Learning about relational databases

In the course of looking for information on data cleaning and data structure, and not getting much out of the Saylor.org Introduction to Database Management course, I found that the first chapter of this Springer ebook looked promising.

Pro SQL Server 2008 Relational Database Design and Implementation. Louis Davidson, Kevin Kline, Kurt Windisch. Springer, 2008. ISBN: 978-1-4302-0866-2 (Print) 978-1-4302-0867-9 (Online).

https://i2.wp.com/0-link.springer.com.tiger.coloradocollege.edu/static-content/0.6406/covers/books/280/9781430208662.jpg

You’re probably asking yourself, why should an ordinary non-Systems librarian concern herself with databases? And how can this software-specific book from 2008 help?

I’ve been gradually coming to the conclusion that librarians, at least ones involved with technical services and electronic resources, should have some passing knowledge of data and how it is commonly structured for the following reasons:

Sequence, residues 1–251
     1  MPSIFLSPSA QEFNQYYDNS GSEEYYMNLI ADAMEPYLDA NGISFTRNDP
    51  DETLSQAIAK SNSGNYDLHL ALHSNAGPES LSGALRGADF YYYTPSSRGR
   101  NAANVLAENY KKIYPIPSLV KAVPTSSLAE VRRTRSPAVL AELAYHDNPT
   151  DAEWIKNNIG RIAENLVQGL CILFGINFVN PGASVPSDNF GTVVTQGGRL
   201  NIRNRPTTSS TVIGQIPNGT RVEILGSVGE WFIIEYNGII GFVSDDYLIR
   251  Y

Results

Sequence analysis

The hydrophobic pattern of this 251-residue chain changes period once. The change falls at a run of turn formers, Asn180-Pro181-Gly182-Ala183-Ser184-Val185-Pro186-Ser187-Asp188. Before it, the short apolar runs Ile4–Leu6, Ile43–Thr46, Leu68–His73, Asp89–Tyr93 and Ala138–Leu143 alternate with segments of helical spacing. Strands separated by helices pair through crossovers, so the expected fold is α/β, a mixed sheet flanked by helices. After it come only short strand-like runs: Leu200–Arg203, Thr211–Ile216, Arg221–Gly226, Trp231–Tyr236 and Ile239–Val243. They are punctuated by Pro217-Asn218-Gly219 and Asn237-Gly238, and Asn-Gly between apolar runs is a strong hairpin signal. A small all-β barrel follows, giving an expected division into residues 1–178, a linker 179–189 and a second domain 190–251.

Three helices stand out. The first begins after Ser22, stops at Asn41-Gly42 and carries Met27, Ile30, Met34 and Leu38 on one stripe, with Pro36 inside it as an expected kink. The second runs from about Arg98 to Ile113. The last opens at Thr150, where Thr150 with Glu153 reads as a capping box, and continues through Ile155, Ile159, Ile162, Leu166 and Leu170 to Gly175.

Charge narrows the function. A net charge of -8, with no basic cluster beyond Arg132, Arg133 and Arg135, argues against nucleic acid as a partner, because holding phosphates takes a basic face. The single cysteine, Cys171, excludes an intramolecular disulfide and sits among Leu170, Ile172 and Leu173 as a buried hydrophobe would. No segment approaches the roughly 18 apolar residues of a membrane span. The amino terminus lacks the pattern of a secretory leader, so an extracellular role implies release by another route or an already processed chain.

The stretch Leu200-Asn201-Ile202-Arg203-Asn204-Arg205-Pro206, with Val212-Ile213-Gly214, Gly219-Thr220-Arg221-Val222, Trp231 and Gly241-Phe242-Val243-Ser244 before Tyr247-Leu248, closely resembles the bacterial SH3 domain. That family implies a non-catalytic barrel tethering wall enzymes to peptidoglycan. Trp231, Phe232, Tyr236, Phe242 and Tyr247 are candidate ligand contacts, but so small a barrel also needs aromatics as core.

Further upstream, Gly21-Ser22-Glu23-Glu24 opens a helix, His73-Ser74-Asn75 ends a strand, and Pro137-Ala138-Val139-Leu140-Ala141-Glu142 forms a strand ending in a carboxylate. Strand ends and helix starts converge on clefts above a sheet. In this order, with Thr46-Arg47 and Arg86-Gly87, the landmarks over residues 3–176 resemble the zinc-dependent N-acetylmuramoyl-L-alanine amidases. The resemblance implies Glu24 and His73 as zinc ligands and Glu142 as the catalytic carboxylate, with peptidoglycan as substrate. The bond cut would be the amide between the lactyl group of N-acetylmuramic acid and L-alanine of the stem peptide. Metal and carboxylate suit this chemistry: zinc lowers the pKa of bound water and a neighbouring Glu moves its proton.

1. Understand the underlying workings of the ILS, of most Web pages and apps, software in general.
  2. Structure data and accompanying workflows in a mindful and enlightened fashion.
  3. Better understand and communicate with I.T. folks.

Number 2 is foremost in my mind lately, pondering how to flesh out consistent, efficient, updated workflows. Also, if I want to delve more into Python again, could I make use of a relational database to, say, manage SUSHI input?  Even though we may all be heading down the path to nonrelational datastores (NoSQL) like Redis, it is useful to examine how data is traditionally structured. The higher level aspect of design is especially interesting to me.

As to this particular book, Chapter 1: Introduction to Database Concepts is just what it says, and a good one at that. In my next post, I will summarize the first part of the chapter.

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